Now Offering My Eight eBook Volume On HIT and Volume Bodybuilding Training

Now Offering My Eight eBook Volume On HIT and Volume Bodybuilding Training
Now on Amazon,Google Play,Nook and Kobo

A lot of very beneficial information.....Different HIT exercises I haven't heard of before” -W. Pruitt

Techniques in these books are Fantastic….would recommend to any and all HIT trainers” -A. Gutierrez

" Five star all the way. Every HIT training method is covered in these books. Love them” -J. Berndt


Finally a comprehensive volume of nine books on both High Intensity(HIT) and Volume Bodybuilding Training!

There are many unique training programs contained in my books that give bodybuilders new techniques to increase his/her muscle building potential.

Complete explanation of:

  • Pre-exhaust routines

  • Double pre-exhaust

  • Reverse pre-exhaust

  • Forced reps

  • Pure negatives

  • Negative accentuated

  • Superslow

  • Extended Reps

  • Static Holds

  • Isometrics

  • Zone partials

  • Burn reps

  • Rolling static partials

  • HIIT-Lose weight FAST with Interval Training!

  • Unilateral training- why it works better than traditional training

  • Why training smarter -not longer builds muscle faster!

  • How to implement Progressive Overload and Double Progressive Overload to Supercharge Muscle Gains

  • Learn how to determine the ideal training frequency for your body type

  • Which supplements to take to safely build lots of muscle

  • Much more!

All programs are fully-explained with complete workout routines for each different technique.

Stop Wasting Time and Effort-Build Maximum Muscle!


Available as single books on: Amazon,Createspace,Kobo,Nook,Google Play


Thursday, December 1, 2016

Why nitrate supplementation may increase athletic performance

Image result for beetsWalk down the aisles of any food supplement store and you'll see that the use of nitrate supplements by athletes,bodybuilders and fitness buffs has been popular for years. The hope is that these supplements will increase endurance (and possibly other performance/health benefits) by improving the efficiency at which muscles use oxygen. Now, a research study published in the March 2015 issue of The FASEB Journal helps explain how some of these supplements may work and why they may increase performance--they decrease the viscosity of blood, aiding in blood flow, while at the same time ensuring that tissue oxygen requirements are not compromised.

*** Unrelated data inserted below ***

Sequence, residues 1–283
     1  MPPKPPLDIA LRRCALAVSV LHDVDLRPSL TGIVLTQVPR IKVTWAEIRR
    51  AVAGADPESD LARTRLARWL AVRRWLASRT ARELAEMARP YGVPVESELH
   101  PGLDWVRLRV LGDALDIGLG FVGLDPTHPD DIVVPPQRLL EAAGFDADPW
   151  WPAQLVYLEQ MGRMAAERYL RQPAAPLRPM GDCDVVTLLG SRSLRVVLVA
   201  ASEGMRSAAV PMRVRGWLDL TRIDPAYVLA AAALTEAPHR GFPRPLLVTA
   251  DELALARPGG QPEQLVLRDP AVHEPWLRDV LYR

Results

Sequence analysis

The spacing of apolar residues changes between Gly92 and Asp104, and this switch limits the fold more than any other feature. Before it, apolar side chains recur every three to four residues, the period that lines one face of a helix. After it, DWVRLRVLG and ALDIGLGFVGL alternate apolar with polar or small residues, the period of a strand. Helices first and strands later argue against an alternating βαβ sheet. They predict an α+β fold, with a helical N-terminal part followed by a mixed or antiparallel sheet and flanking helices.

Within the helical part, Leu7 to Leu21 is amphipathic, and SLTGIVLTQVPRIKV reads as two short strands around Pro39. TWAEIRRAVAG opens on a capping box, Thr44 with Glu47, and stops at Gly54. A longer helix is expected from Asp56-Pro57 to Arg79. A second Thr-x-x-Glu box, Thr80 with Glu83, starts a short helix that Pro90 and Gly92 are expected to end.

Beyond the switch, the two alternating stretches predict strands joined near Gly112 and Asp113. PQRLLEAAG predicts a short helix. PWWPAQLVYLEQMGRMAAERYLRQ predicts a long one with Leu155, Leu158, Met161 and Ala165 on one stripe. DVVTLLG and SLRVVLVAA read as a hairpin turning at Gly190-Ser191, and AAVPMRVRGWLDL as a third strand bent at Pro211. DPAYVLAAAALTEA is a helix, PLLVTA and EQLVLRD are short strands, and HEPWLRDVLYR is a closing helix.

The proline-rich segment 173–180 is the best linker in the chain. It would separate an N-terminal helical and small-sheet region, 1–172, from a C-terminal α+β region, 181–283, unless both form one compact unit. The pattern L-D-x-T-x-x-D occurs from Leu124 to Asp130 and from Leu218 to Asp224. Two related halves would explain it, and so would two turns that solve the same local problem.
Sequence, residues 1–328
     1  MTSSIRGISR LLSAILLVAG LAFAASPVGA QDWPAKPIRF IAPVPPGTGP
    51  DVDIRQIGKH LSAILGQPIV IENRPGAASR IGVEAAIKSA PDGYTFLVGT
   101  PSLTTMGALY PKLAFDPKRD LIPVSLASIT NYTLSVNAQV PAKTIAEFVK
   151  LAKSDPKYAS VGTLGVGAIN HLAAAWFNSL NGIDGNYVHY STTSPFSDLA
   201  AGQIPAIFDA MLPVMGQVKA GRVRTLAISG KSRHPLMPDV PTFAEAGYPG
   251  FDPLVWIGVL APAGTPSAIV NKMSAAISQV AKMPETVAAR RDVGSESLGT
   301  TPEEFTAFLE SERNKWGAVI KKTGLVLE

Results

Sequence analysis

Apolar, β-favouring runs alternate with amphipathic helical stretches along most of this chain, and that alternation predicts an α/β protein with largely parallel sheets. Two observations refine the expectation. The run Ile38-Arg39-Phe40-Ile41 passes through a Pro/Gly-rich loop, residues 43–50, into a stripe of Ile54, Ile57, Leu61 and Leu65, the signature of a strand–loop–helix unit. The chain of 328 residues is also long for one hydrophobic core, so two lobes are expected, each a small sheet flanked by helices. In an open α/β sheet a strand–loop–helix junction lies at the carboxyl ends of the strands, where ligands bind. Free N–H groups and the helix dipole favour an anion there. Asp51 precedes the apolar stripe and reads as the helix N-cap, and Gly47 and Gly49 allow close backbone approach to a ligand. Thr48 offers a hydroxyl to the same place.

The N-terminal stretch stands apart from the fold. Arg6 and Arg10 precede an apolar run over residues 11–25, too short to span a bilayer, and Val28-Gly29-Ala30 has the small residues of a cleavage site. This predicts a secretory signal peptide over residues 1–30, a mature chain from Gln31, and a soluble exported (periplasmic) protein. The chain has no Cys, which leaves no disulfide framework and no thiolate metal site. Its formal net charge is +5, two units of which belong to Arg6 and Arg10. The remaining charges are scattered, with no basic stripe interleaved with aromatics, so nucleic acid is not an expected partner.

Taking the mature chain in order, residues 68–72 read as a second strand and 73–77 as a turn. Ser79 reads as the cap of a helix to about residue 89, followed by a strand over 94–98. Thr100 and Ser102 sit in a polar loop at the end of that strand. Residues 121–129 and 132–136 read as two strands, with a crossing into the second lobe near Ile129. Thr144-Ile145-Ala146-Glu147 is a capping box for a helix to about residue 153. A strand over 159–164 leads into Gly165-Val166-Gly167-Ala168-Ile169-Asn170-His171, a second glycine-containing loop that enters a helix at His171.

"Our research sheds new light on how oxygen delivery to bodily tissues is controlled to support mammalian life, and what role the kidneys and the liver play in achieving this," said Andrew Murray, Ph.D., a researcher involved in the work from the Department of Physiology, Development and Neuroscience at the University of Cambridge in Cambridge, United Kingdom. "These findings offer potential therapeutic avenues for dietary intervention in polycythemia and other conditions that warrant a reduction in red cell mass, but may have broader implications related to the way that supply and demand of oxygen are matched."
Scientists investigated the effects of nitrate supplementation on hemoglobin in four groups of rats, which were housed in either normoxic or hypoxic (low oxygen) conditions and supplemented with sodium nitrate (or sodium chloride, ordinary table salt, as a control). Intake of nitrate via diet and drinking water was carefully monitored. Hypoxia is known to elevate hemoglobin levels, but nitrate supplementation at a moderate dose largely suppressed this effect. Unexpectedly, nitrate also lowered hemoglobin levels in normoxic animals. 
They found that at higher doses of nitrate, hemoglobin levels began to rise again. Researchers investigated the mechanisms underlying these effects and found that the suppression of hemoglobin was due to nitrate enhancing liver oxygenation and suppressing its expression of the hormone, erythropoietin. Conversely, as hemoglobin levels fell, the kidney became less well supplied with oxygen and at higher doses of nitrate it expressed more erythropoietin, reversing the effect.
"This doesn't mean that taking a nitrate supplement will transform you into the next Marshawn Lynch," said Gerald Weissmann, M.D., Editor-in-Chief of The FASEB Journal. "What it does mean, however, is that we're beginning to understand the science behind why some people feel they turn into the Seahawk's 'Beast Mode' when taking these supplements."

Story Source:
Materials provided by Federation of American Societies for Experimental BiologyNote: Content may be edited for style and length.

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